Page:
Internet users when we browse the Internet, we are exposed to malware, viruses, Trojans, computer worms and more. Cybercriminals seek to profit from their attacks, and apart from those previously mentioned, one of the most powerful and lucrative attacks for them is the ransomware. Thanks to the ransoms paid by victims to recover their data, it is a very profitable business for these cybercriminals. In this article, we are going to determine if ransomware can affect my cloud backup.
The first thing we are going to do is explain what ransomware is and if we should pay the ransom. We will then determine if my cloud backup can be affected by ransomware. Finally, we will see if there is any possibility of recovering those files hosted in the cloud and that have been infected with ransomware.
What is ransomware and if I should pay the ransom they ask me
The moment we receive a ransomware attack, this malicious software will take care of encrypting all the data on our computer. In addition, we also have the possibility that all the data that is shared in the local network is encrypted and also ends up affecting more computers. If we have a backup in the cloud with those files without them having been infected, we could erase and restore those affected computers with clean copies and return to normality.
However, we are often not so far-sighted and to recover those files they will ask us to pay a ransom to obtain that decryption password. One thing you should keep in mind is that you should not pay a ransom after a ransomware attack because for other reasons we may again be victims of the same extortion.
Can ransomware affect my cloud backup?
The answer is yes, but it depends a lot on how we have our cloud storage configured. That option that can make the difference between having a backup in the cloud safe or not, in many cases has to do with the synchronization.
What happens is that in a short time, those files that we thought were safe in the cloud backup are already infected and encrypted by ransomware. In this case, they have replaced the original files that were not infected with others that are.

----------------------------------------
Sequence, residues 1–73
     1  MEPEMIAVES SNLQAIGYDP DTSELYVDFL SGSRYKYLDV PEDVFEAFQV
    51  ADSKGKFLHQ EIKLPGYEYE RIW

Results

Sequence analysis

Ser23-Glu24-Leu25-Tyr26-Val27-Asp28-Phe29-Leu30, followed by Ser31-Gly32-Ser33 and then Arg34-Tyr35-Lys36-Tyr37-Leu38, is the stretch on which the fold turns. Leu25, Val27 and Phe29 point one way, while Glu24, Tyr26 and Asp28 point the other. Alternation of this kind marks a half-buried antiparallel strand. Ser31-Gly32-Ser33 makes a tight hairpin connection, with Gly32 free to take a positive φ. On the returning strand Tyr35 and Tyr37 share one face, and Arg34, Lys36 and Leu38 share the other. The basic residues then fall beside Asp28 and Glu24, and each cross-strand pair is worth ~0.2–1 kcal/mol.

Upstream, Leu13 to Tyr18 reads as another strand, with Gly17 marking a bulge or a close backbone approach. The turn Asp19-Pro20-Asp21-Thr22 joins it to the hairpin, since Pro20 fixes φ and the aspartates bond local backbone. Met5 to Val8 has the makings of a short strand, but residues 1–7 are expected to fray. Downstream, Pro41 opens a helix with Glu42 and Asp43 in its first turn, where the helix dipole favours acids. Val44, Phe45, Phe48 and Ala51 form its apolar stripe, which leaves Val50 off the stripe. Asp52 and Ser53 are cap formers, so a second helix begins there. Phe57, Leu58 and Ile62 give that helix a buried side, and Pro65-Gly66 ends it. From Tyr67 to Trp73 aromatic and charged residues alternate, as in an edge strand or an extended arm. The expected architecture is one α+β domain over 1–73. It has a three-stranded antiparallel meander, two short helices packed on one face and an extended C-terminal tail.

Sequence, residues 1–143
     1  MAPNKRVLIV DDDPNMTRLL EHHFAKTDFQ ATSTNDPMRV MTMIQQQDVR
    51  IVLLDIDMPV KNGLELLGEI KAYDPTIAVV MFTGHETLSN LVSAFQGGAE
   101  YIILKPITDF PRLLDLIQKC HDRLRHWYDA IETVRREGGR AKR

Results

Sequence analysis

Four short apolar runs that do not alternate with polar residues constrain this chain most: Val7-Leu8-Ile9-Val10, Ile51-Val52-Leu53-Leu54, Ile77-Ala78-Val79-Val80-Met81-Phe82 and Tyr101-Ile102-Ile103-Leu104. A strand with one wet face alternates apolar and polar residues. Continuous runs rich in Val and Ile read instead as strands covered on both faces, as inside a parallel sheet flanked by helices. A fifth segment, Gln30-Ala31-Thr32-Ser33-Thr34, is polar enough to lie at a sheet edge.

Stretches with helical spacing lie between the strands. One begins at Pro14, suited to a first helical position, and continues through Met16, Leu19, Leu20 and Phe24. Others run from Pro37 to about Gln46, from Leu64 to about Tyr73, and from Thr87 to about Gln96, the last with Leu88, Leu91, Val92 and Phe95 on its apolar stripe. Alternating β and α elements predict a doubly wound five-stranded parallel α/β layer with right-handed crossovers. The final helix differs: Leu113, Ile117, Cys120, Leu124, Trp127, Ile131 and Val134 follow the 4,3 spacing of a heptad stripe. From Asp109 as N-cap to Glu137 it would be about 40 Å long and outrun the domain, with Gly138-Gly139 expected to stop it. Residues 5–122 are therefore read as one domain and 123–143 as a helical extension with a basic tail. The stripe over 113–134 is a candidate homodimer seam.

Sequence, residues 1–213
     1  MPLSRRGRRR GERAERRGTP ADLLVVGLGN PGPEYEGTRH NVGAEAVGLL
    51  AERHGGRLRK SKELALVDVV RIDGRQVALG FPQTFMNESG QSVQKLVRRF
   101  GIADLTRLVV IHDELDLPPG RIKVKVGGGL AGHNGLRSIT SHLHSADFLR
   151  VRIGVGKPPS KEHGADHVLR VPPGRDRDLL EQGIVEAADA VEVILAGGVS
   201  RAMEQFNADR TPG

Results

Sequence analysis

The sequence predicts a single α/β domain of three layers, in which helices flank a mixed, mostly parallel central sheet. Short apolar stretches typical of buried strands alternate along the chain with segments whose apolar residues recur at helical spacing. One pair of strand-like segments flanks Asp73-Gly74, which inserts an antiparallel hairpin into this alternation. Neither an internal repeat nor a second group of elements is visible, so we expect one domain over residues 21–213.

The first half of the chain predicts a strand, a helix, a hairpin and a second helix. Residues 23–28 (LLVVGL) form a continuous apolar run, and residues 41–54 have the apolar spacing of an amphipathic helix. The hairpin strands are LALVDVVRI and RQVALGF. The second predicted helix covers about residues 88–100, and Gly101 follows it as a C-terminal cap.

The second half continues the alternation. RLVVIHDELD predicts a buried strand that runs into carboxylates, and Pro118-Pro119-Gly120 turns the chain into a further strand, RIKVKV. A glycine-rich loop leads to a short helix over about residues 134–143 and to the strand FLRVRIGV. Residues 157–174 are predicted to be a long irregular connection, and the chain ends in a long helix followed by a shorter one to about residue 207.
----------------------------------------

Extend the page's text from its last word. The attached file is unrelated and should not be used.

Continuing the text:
On the other hand, an additional risk should be added to these infected files that can cause damage to other computers that share that information. Currently, sharing files for teamwork is the order of the day. These users, even if they have been careful, can be infected when these files are automatically synchronized and downloaded to their hard drive. You may be interested in knowing how a ransomware attack works and what tools are used.
What to do if we are victims of a ransomware attack
As soon as the ransomware affects my backup, we must start taking a series of measures. This is how we could act in the case of Google Drive. As each cloud has its peculiarities, we are going to take Dropbox cloud services as an example, which recommends that we follow a series of steps:
- We have to log off the infected device remotely. If we do not know which device is infected, it is best to close the session of all devices. What we want is for this ransomware to spread to the fewest number of devices.
- In your cloud account, check that you do not have encrypted files and that everything is in order. Dropbox allows you to recover the version history of a file, and we can select a version prior to the ransomware attack.
- You have to make sure that the device is free of malicious software. Then we have to delete the Dropbox folder or your cloud with the previously encrypted files.
- Then we log into our device, and the good files are downloaded from our cloud.
Finally, it should be noted that this task of restoring files is not always available in all cloud services and can be complex to perform. For example, in Dropbox we would have to do it with the files one by one, unless we used the Dropbox rewind function but this is only available in some paid versions.